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JOURNAL ARTICLE

Physicians' responses to computerized drug-drug interaction alerts for outpatients

Min-Li Yeh, Ying-Jui Chang, Po-Yen Wang, Yu-Chuan Jack Li, Chien-Yeh Hsu
Computer Methods and Programs in Biomedicine 2013, 111 (1): 17-25
23608682

INTRODUCTION: Adverse drug reactions (ADR) increase morbidity and mortality; potential drug-drug interactions (DDI) increase the probability of ADR. Studies have proven that computerized drug-interaction alert systems (DIAS) might reduce medication errors and potential adverse events. However, the relatively high override rates obscure the benefits of alert systems, which result in barriers for availability. It is important to understand the frequency at which physicians override DIAS and the reasons for overriding reminders.

METHOD: All the DDI records of outpatient prescriptions from a tertiary university hospital from 2005 and 2006 detections by the DIAS are included in the study. The DIAS is a JAVA language software that was integrated into the computerized physician order entry system. The alert window is displayed when DDIs occur during order entries, and physicians choose the appropriate action according to the DDI alerts. There are seven response choices are obligated in representing overriding and acceptance: (1) necessary order and override; (2) expected DDI and override; (3) expected DDI with modified dosage and override; (4) no DDI and override; (5) too busy to respond and override; (6) unaware of the DDI and accept; and (7) unexpected DDI and accept. The responses were collected for analysis.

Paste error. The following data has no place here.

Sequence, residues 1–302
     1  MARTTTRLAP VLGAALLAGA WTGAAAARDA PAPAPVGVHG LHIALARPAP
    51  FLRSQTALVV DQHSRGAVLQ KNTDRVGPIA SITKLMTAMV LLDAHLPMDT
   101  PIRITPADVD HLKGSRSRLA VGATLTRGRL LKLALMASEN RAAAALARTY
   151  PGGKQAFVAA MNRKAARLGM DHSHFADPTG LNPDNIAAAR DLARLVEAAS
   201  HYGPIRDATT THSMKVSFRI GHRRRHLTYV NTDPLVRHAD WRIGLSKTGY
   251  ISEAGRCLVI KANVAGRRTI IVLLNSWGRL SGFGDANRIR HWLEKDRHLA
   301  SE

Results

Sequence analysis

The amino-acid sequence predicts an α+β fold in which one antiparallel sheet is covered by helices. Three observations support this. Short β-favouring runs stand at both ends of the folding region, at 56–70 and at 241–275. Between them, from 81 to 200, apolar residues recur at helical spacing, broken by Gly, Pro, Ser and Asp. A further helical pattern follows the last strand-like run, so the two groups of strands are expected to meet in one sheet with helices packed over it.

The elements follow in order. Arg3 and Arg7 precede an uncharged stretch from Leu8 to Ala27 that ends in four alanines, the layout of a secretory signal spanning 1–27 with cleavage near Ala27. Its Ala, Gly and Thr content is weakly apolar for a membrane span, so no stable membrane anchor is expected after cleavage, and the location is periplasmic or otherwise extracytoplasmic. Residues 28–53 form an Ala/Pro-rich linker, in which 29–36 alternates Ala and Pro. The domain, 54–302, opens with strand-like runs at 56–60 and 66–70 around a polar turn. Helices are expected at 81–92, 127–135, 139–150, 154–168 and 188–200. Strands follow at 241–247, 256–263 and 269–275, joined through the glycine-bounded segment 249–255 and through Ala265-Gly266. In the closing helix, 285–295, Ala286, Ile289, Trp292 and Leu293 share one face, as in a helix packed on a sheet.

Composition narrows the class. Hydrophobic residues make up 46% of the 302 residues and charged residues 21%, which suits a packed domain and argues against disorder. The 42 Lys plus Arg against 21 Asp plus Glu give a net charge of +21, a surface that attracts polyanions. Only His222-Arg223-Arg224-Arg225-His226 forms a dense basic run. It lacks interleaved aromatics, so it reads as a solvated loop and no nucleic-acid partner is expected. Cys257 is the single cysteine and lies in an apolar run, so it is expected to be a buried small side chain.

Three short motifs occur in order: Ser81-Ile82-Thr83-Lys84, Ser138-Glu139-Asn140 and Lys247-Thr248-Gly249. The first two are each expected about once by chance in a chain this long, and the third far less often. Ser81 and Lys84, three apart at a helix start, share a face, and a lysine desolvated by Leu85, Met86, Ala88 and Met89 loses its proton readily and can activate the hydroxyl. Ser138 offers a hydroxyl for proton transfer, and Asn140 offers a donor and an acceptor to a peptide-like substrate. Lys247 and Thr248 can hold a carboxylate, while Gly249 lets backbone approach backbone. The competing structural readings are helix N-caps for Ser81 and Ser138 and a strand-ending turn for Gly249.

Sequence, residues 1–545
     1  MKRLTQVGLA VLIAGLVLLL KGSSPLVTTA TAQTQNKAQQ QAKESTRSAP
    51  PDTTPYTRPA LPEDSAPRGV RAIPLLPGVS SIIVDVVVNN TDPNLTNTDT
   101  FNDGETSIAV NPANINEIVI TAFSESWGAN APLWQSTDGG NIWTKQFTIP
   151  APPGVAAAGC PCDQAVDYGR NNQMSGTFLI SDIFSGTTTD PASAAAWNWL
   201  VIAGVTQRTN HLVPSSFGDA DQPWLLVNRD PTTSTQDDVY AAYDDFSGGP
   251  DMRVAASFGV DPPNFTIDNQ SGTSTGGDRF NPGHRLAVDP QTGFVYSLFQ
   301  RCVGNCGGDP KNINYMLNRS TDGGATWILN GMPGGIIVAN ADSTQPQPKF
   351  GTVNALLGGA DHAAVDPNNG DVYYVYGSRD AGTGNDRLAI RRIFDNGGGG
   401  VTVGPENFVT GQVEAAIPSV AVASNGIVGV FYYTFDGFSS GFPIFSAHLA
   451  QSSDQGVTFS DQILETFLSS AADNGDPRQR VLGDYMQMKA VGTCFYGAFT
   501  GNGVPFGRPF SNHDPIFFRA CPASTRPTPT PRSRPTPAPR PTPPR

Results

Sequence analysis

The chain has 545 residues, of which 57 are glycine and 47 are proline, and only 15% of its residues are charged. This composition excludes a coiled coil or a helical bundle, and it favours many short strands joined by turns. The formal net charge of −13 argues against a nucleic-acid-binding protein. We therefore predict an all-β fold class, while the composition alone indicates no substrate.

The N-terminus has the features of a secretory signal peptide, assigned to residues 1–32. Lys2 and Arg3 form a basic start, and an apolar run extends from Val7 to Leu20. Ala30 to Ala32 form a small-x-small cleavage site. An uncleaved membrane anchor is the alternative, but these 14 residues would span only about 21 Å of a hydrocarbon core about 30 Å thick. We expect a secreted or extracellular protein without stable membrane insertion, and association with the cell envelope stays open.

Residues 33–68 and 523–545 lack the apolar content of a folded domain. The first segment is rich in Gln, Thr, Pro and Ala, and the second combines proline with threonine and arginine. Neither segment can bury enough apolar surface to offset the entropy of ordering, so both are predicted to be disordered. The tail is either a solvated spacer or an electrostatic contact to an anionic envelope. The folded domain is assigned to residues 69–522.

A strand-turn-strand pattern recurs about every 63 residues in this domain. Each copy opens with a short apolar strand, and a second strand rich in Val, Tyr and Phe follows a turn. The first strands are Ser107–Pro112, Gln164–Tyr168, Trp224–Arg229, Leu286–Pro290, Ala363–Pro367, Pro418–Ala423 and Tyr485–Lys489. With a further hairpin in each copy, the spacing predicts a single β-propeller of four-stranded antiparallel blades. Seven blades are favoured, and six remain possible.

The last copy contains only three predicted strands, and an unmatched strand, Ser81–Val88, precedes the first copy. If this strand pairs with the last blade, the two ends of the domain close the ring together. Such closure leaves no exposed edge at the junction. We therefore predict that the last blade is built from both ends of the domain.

RESULTS: A total of 11,084 DDI alerts of 1,243,464 outpatient prescriptions were present, 0.89% of all computerized prescriptions. The overall rate for accepting was 8.5%, but most of the alerts were overridden (91.5%). Physicians of family medicine and gynecology-obstetrics were more willing to accept the alerts with acceptance rates of 20.8% and 20.0% respectively (p<0.001). Information regarding the recognition of DDIs indicated that 82.0% of the DDIs were aware by physicians, 15.9% of DDIs were unaware by physicians, and 2.1% of alerts were ignored. The percentage of total alerts declined from 1.12% to 0.79% during 24 months' study period, and total overridden alerts also declined (from 1.04% to 0.73%).

CONCLUSION: We explored the physicians' behavior by analyzing responses to the DDI alerts. Although the override rate is still high, the reasons why physicians may override DDI alerts were well analyzed and most DDI were recognized by physicians. Nonetheless, the trend of total overrides is in decline, which indicates a learning curve effect from exposure to DIAS. By analyzing the computerized responses provided by physicians, efforts should be made to improve the efficiency of the DIAS, and pharmacists, as well as patient safety staffs, can catch physicians' appropriate reasons for overriding DDI alerts, improving patient safety.

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